Mission Specialist Takao Doi was joined by shuttle Commander Dom Gorie and station Commander Peggy Whitson for a phone call from Yasuo Fukuda, Japan's prime minister, who conveyed his congratulations for the successful installation of the first component of the Kibo laboratory at the station. The astronauts also answered questions from Japanese students. Afterward, all 10 crew members discussed their flight with CBS News, NBC News and WMUR-TV in Manchester, N.H.
Mission Specialists Bob Behnken and Mike Foreman, along with their spacewalk coordinator Rick Linnehan, configured the tools they will use during Thursday night's spacewalk. Behnken and Foreman will employ a tool called the Tile Repair Ablator Dispenser (T-RAD) -a caulk-gun-like device -to apply a substance called Shuttle Tile Ablator-54 (STA-54) into purposely damaged heat shield tiles. Behnken and Foreman will then smooth the substance in place with foam-tipped tools. Those test samples will be returned to Earth to undergo extensive testing on how STA-54 performs in the environment of space. The demonstration is considered important in advance of the Hubble Space Telescope servicing mission later this year since that flight will be conducted independently of a 'safe haven' capability at the ISS in the event the shuttle incurs damage to its heat shield.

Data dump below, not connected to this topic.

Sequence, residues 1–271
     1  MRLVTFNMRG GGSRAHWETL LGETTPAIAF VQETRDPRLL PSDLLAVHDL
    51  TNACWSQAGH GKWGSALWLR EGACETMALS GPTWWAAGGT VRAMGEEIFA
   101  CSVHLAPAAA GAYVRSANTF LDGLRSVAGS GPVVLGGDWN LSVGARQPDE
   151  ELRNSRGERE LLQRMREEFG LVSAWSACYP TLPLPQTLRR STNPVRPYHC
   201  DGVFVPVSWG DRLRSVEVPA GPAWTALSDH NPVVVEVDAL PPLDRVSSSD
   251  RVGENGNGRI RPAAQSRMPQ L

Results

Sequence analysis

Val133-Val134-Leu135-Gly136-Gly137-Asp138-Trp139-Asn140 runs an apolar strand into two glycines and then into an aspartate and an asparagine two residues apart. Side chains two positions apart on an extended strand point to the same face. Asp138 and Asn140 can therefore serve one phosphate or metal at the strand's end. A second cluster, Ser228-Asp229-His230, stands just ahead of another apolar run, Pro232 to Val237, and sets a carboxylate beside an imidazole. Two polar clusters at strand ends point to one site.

Additional objectives of the spacewalk include replacement of a failed Remote Power Controller Module (RPCM) on the station's truss, including the temporary shutdown and spinup of Control Moment Gyroscope-2 (CMG). The RPCM replacement is needed to restore redundant power to CMG-2 and CMG-3.
Both crews reviewed procedures for that spacewalk, scheduled to start at 5:28 p.m. on Thursday and last 6.5 hours. Behnken and Foreman will sleep in the station's Quest airlock overnight for the standard spacewalk 'camp out' procedure to purge the nitrogen from their bodies.
The fifth and final spacewalk is scheduled for Saturday to move the shuttle's Orbiter Boom Sensor System (OBSS) onto the station. This is caused by the size of the huge Japanese Kibo pressurized laboratory module, which will be delivered to the station aboard Discovery in May, preventing the shuttle from carrying its own OBSS. Once Kibo is installed, Discovery's astronauts will detach the OBSS left behind by Endeavour, use it to perform tile inspections and bring it home.